3.5. Role of the jet rotational velocity

In models M6, M7, and M8 (see Table 1) we study the influence of introducing an angular velocity to the jet. We define a constant angular velocity producing maximum linear rotational velocity values, vϕ,max, ranging from 75 to 150 km s-1 at the lower boundary1. The jet rotation produces a toroidal component at the initially axial magnetic field achieving a helicoidal configuration during the simulation. The final configuration of the magnetic field depends on the rotational velocity of the plasma; the higher the velocity, the more twisted the magnetic field lines. In Fig. 7 we show a 3D representation of the density distribution and magnetic field configuration for model M8, the one with the highest rotational velocity of the cases explored (see Table 1). The magnetic field lines are twisted in a helicoidal configuration, contributing to the jet collimation.

In Fig. 8 we show 2D maps of the plasma β for the three models. We can distinguish two different regimes in all the cases: the area close to the jet axis where β> 1 and is dominated by the jet plasma pressure, and the rest of the domain where β< 1 and is dominated by the magnetic field. According to the maps, the higher the rotational velocity, the larger the region with β> 1 dominated by the jet plasma pressure, and the stronger and more extended the shock. This is basically due to the increase of the dynamic pressure in the jet interior.

thumbnail Fig. 7

Three-dimensional representation of the density distribution and the magnetic field configuration (blue lines) for the model M8 after 50 yr of evolution.

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thumbnail Fig. 8

Two-dimensional maps of plasma β after 50 yr of evolution. Different models are compared: M6 (the model with the lowest rotational velocity) left panel, M7 (the model with an intermediate rotational velocity) middle panel, and M8 (the model with the highest rotational velocity) right panel. The contour β = 1 is plotted in black in every case.

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Figure 9 shows the emission measure distribution vs. temperature, EM(T), calculated as explained in Sect. 3.3. We compare the reference case, M0, with the models M6, M7, and M8 (see Table 1); this allows us to explore the effect of an increasing angular velocity and the expected emission from the jet. We find that by increasing the rotational velocity vϕ,max, the EM decreases for temperatures T< 6 × 105 K and increases for higher temperatures. Thus we expect that with increasing vϕ,max, the shock diamond is a brighter X-ray source with higher X-ray luminosity.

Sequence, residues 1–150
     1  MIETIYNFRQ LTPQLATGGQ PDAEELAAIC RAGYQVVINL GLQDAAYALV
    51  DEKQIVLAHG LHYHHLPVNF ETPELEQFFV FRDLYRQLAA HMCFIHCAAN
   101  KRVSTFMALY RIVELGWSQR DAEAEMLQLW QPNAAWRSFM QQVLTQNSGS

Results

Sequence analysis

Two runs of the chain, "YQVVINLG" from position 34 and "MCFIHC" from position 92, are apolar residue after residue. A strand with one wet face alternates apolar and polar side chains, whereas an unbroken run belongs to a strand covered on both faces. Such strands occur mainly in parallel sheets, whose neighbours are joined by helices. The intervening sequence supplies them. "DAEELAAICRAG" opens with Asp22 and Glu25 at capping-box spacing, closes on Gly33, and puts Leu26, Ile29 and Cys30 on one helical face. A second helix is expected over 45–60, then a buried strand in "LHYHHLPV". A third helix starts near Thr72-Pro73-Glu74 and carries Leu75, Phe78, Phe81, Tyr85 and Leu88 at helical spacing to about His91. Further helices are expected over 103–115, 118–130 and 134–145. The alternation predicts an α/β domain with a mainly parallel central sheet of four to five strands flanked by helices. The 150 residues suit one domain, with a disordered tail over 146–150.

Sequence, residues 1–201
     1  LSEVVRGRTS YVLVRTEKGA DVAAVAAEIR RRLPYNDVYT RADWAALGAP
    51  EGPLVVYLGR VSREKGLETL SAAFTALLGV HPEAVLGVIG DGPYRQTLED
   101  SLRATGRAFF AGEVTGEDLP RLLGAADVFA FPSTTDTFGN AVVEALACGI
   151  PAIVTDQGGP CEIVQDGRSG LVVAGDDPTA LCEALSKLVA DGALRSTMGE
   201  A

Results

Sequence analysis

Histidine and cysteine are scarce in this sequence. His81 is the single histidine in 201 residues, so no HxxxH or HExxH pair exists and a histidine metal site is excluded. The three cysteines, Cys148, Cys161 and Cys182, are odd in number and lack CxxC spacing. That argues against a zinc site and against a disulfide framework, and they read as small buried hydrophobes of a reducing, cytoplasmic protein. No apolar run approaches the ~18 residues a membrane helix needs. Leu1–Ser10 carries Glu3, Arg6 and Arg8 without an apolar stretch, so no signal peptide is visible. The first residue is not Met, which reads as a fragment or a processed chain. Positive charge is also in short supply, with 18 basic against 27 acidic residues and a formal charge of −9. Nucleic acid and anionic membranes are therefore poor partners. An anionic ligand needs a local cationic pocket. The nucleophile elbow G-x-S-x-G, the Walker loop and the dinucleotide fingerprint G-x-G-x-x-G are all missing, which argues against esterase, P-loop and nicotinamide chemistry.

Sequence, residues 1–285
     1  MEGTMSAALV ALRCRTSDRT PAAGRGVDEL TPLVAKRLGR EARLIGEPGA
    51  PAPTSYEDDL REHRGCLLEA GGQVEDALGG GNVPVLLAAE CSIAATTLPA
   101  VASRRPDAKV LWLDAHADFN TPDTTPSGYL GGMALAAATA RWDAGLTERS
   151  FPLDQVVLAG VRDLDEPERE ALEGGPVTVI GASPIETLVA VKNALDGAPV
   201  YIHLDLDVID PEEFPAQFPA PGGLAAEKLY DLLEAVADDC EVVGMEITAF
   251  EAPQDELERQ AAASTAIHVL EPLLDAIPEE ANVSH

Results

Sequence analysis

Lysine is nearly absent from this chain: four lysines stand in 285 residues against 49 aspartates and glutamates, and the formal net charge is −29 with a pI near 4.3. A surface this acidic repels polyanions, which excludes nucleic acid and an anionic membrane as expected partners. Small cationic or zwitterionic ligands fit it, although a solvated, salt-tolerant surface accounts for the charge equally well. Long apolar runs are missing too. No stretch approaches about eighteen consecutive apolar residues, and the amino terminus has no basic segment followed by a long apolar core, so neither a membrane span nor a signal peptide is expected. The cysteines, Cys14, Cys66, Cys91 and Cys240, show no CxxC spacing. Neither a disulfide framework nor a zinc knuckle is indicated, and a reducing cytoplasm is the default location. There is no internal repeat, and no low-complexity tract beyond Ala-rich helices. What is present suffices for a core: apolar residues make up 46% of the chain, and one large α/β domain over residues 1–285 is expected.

Figure 10 shows the spatial distribution of the X-ray emission for the three different models with twisting (see Table 1), derived as explained in Sect. 3.4. We find that the X-ray emission source corresponding to the shock diamond is closer to the base of the jet and more extended for models with higher jet rotational velocities. The X-ray total shock luminosity, LX, in the [0.310] keV band is larger for higher rotational velocity of the jet (see Table 2) as the total mass contributing to the X-ray emission is higher. These values are consistent with those detected in several HH objects (Favata et al. 2002; Bally et al. 2003; Güdel et al. 2008; Schneider et al. 2011; Skinner et al. 2011).

thumbnail Fig. 9

Distribution of emission measure, EM, as a function of the temperature, T, after 50 yr of evolution. We compare different models: M0 (the reference case) in black, M6 (the model with the lowest rotational velocity) in blue, M7 (the model with an intermediate rotational velocity) in green, and M8 (the model with the highest rotational velocity) in red.

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thumbnail Fig. 10